On Monday 22nd March, as a hundred bloggers from around the globe converged in Brussels to kick off the latest round of "Th!nkabout It competitions", the Times of Malta carried a short article entitled "Man lives in Cave and goes to Caritas to shower". I had been struggling to get into the loop of what the whole development business is all about until I discovered that it is not only a tangible and real set of goals but also that it could have an effect on issues that are close to home.
What might seem to be a coincidence of cosmic proportions is actually another causal effect of the life (and world) we live in. Like the Matrix's Merovingian, I do not believe in coincidence - it's more a question of causality - cause and effect. Everything is explicable once we get down to examine and investigate the reasons why - sometimes it would just take trying three hundred theories until one fits (Monk) and that is where our job comes in. We are here to propagate (the information) to question (the facts) and to investigate (the issues) - most times by thinking local.
Please, ma cherie. I have told you. We are all victims of causality. I drank too much wine, I must take a piss. Cause and effect. (Merovingian, Matrix reloaded)
Air on a W String
The world wide web could not be world wide if there were not different points to connect the strands together. It is only world wide because of the zillions of places where it is sited. If we take this allegory of the world wide web into our competition then we could give a sense of purpose to our role in the big wheel of a system. Each and every one of the hundred bloggers is in a position to use his blog locally in order to create a global effect. It is not necessarily a concerted action but one that exists only as a sum total of the many parts. Whether you are investigating a farmer's story in Antananarivo or whether someone else is using his blog to promote information on the Millenium Goals the point is that each one is a different angle on this multifaceted web that Th!nk has created.
New information and communications technologies can improve the quality of life for people with disabilities, but only if such technologies are designed from the beginning so that everyone can use them. Given the explosive growth in the use of the World Wide Web for publishing, electronic commerce, lifelong learning and the delivery of government services, it is vital that the Web be accessible to everyone. (Bill Clinton)
Stretching the Allegory to the Limit
Then there was the cave. The story about Malta's very own unwilling troglodite came up during a discussion on poverty at the University of Malta. Malta is one of the 27 EU member states - while not being prosperous, the last thing that you would expect is the story of a cave-dweller at the dawn of the 21st century. I will have plenty of time to discuss the perceptions of poverty on the island of Malta in future blog posts but I would like to take the opportunity of the cave-dweller's story to throw in our last allegory for reflection. The "cave" reminded me of the Greek philosopher Plato who creates an allegory about some cave dwelling prisoners:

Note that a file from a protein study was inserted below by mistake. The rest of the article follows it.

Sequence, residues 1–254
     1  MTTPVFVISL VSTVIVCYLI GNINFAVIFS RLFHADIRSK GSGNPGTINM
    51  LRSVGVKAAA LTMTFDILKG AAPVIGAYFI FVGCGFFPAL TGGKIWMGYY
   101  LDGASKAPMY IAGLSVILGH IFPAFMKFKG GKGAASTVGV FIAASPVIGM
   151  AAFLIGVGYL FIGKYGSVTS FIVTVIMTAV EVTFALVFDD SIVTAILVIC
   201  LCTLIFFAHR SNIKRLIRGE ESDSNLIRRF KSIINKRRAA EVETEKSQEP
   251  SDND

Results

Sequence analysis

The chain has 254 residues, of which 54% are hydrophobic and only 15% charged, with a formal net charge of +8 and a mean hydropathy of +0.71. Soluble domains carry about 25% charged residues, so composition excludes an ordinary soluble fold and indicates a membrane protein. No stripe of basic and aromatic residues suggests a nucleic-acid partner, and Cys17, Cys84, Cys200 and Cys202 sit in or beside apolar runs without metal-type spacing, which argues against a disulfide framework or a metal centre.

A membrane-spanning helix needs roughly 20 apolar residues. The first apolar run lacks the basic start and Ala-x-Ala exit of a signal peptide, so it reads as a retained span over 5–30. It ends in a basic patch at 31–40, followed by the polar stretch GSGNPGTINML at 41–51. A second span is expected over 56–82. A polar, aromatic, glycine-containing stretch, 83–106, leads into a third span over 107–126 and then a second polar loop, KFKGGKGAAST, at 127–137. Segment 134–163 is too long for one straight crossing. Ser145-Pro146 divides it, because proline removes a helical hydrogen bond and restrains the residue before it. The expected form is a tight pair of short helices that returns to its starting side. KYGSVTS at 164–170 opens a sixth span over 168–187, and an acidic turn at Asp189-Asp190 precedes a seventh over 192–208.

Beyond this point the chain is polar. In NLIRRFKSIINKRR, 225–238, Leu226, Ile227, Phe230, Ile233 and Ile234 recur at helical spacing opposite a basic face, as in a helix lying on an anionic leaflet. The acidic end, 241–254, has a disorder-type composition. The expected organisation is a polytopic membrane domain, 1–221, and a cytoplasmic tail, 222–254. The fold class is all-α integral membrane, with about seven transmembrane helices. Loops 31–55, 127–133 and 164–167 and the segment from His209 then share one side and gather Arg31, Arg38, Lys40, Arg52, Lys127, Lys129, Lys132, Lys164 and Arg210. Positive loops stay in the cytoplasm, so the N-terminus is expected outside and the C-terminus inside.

Plato imagines a group of people who have lived chained in a cave all of their lives, facing a blank wall. The people watch shadows projected on the wall by things passing in front of a fire behind them, and begin to ascribe forms to these shadows. According to Plato, the shadows are as close as the prisoners get to seeing reality. He then explains how the philosopher is like a prisoner who is freed from the cave and comes to understand that the shadows on the wall are not constitutive of reality at all, as he can perceive the true form of reality rather than the mere shadows seen by the prisoners. (source: Wikipedia)
Just think about it. Our blogs are a useful tool to bring the outside world into the cave. The new media - with all their frills and shining implements - are still only a tool. Just like the pen and paper years ago, and the printing press only too recently, they are there to be used - and their usefulness depends on the skillfulness of those who take them up. There is an immense amount of noise out there leading people to believe that the shadows on the wall are the actual reality. We may be bold and think we are the philosophers who will bring the information to our local network - it can then have the combined effect of a global ripple on the world wide web. Cause and effect. Think about it.
I know you're out there. I can feel you now. I know that you're afraid. You're afraid of us. You're afraid of change. I don't know the future. I didn't come here to tell you how this is going to end. I came here to tell you how it's going to begin. I'm going to hang up this phone, and then I'm going to show these people what you don't want them to see. I'm going to show them a world … without you. A world without rules and controls, without borders or boundaries; a world where anything is possible. Where we go from there is a choice I leave to you. (Neo, the Matrix)
*Image Note: Illustration image is of "Ghar Dalam" (lit. The Cave of Darkness) a cave in the south of Malta that was found to be full of remains and fossils of prehistoric animals - held to be evidence of a land link between the continents of Europe and Africa. Photo taken by cauchisavona available on flickr under CC licence.